Proverbs 6:1
Parallel Verses
New American Standard Bible
My son, if you have become surety for your neighbor, Have given a pledge for a stranger,

King James Bible
My son, if thou be surety for thy friend, if thou hast stricken thy hand with a stranger,

Darby Bible Translation
My son, if thou hast become surety for thy friend, if thou hast stricken thy hand for a stranger,

World English Bible
My son, if you have become collateral for your neighbor, if you have struck your hands in pledge for a stranger;

Young's Literal Translation
My son! if thou hast been surety for thy friend, Hast stricken for a stranger thy hand,

Proverbs 6:1 Parallel
Commentary
Barnes' Notes on the Bible

Surety - The "pledge," or security for payment, which, for example, David was to bring back from his brothers 1 Samuel 17:18. So the word was used in the primitive trade transactions of the early Israelites.

In the warnings against this suretyship, in the Book of Proverbs, we may trace the influence of contact with the Phoenicians. The merchants of Tyre and Zidon seem to have discovered the value of credit as an element of wealth. A man might obtain goods, or escape the pressure of a creditor at an inconvenient season, or obtain a loan on more favorable terms, by finding security. To give such security might be one of the kindest offices which one friend could render to another. Side by side, however, with a legitimate system of credit there sprang up, as in later times, a fraudulent counterfeit. Phoenician or Jewish money-lenders (the "stranger") were ready to make their loans to the spendthrift. He was equally ready to find a companion (the "friend") who would become his surety. It was merely a form, just writing a few words, just "a clasping of the hands" (see the marginal reference) in token that the obligation was accepted, and that was all. It would be unfriendly to refuse. And yet, as the teacher warns his hearers, there might be, in that moment of careless weakness, the first link of a long chain of ignominy, galling, fretting, wearing, depriving life of all its peace. The Jewish law of debt, hard and stern like that of most ancient nations, aright be enforced against him in all its rigour. Money and land might go, the very bed under him might be seized, and his garment torn from his back Proverbs 20:16; Proverbs 22:27, the older and more lenient law Exodus 22:25-27 having apparently fallen into disuse. he might be brought into a life-long bondage, subject only to the possible relief of the year of jubilee, when the people were religious enough to remember and observe it. His wives, his sons, his daughters might be sharers in that slavery Nehemiah 5:3-5. It was doubtful whether he could claim the privilege which under Exodus 21:2 belonged to an Israelite slave that had been bought. Against such an evil, no warnings could be too frequent or to urgent.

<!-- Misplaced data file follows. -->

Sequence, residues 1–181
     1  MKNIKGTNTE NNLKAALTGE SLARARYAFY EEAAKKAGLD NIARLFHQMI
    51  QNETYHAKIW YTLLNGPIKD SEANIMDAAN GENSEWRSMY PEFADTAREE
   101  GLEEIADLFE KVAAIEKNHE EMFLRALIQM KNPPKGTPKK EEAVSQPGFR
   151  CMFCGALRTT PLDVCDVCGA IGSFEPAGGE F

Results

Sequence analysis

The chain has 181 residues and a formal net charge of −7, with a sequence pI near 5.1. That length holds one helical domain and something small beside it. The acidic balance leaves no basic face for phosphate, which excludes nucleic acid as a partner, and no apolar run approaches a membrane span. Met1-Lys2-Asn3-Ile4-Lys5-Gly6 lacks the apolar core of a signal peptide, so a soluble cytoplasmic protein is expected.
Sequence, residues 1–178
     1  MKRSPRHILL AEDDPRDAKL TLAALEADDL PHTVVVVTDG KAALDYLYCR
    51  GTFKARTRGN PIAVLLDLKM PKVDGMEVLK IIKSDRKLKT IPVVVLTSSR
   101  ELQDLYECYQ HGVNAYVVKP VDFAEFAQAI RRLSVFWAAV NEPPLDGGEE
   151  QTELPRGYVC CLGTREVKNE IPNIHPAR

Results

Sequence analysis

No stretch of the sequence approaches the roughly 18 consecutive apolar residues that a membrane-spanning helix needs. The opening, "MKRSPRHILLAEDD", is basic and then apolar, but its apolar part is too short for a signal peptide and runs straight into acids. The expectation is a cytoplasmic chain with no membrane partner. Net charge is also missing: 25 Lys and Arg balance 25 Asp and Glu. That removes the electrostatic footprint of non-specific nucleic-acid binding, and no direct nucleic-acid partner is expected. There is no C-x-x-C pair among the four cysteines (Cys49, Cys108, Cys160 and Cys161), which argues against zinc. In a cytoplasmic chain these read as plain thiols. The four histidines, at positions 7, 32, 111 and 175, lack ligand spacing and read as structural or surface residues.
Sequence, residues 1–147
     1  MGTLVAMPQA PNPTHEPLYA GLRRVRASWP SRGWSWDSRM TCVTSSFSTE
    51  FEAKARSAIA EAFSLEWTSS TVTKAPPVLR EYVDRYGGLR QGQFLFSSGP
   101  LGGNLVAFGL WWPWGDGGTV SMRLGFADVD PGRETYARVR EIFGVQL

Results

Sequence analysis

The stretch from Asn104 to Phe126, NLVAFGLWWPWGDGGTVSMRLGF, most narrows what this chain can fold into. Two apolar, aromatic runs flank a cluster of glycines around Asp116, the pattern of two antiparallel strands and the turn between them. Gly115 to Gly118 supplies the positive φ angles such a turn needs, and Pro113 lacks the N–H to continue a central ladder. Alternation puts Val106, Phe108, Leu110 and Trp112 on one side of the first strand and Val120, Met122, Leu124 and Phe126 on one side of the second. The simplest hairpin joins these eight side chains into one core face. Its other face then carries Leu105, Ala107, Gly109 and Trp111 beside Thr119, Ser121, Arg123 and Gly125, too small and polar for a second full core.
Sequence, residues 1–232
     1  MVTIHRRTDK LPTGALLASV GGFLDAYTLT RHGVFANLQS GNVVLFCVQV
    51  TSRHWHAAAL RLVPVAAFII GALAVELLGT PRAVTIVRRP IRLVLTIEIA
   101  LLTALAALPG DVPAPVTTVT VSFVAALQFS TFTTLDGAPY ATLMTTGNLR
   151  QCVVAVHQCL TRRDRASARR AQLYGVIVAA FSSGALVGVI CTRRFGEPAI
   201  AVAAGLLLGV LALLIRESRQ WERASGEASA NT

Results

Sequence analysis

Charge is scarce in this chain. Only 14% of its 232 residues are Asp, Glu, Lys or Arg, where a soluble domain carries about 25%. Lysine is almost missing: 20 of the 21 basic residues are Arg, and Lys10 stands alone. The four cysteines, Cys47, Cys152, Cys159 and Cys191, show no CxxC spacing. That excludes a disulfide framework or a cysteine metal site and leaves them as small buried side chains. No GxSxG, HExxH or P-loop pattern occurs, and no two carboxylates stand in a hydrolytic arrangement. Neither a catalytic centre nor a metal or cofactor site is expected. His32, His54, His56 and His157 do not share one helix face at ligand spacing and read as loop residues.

Stricken thy hand - The natural symbol of the promise to keep a contract; in this case, to pay another man's debts. Compare Proverbs 17:18; Proverbs 22:26; Job 17:3; Ezekiel 17:18.

Proverbs 6:1 Parallel Commentaries

Library
The Talking Book
In order that we may be persuaded so to do, Solomon gives us three telling reasons. He says that God's law, by which I understand the whole run of Scripture, and, especially the gospel of Jesus Christ, will be a guide to us:--"When thou goest, it shall lead thee." It will be a guardian to us: "When thou sleepest"--when thou art defenceless and off thy guard--"it shall keep thee." And it shall also be a dear companion to us: "When thou awakest, it shall talk with thee." Any one of these three arguments
Charles Haddon Spurgeon—Spurgeon's Sermons Volume 17: 1871

How Subjects and Prelates are to be Admonished.
(Admonition 5.) Differently to be admonished are subjects and prelates: the former that subjection crush them not, the latter that superior place elate them not: the former that they fail not to fulfil what is commanded them, the latter that they command not more to be fulfilled than is just: the former that they submit humbly, the latter that they preside temperately. For this, which may be understood also figuratively, is said to the former, Children, obey your parents in the Lord: but to
Leo the Great—Writings of Leo the Great

Cross References
Proverbs 6:2
If you have been snared with the words of your mouth, Have been caught with the words of your mouth,

Proverbs 11:15
He who is guarantor for a stranger will surely suffer for it, But he who hates being a guarantor is secure.

Proverbs 17:18
A man lacking in sense pledges And becomes guarantor in the presence of his neighbor.

Proverbs 20:16
Take his garment when he becomes surety for a stranger; And for foreigners, hold him in pledge.

Proverbs 22:26
Do not be among those who give pledges, Among those who become guarantors for debts.

Proverbs 27:13
Take his garment when he becomes surety for a stranger; And for an adulterous woman hold him in pledge.

Isaiah 2:6
For You have abandoned Your people, the house of Jacob, Because they are filled with influences from the east, And they are soothsayers like the Philistines, And they strike bargains with the children of foreigners.

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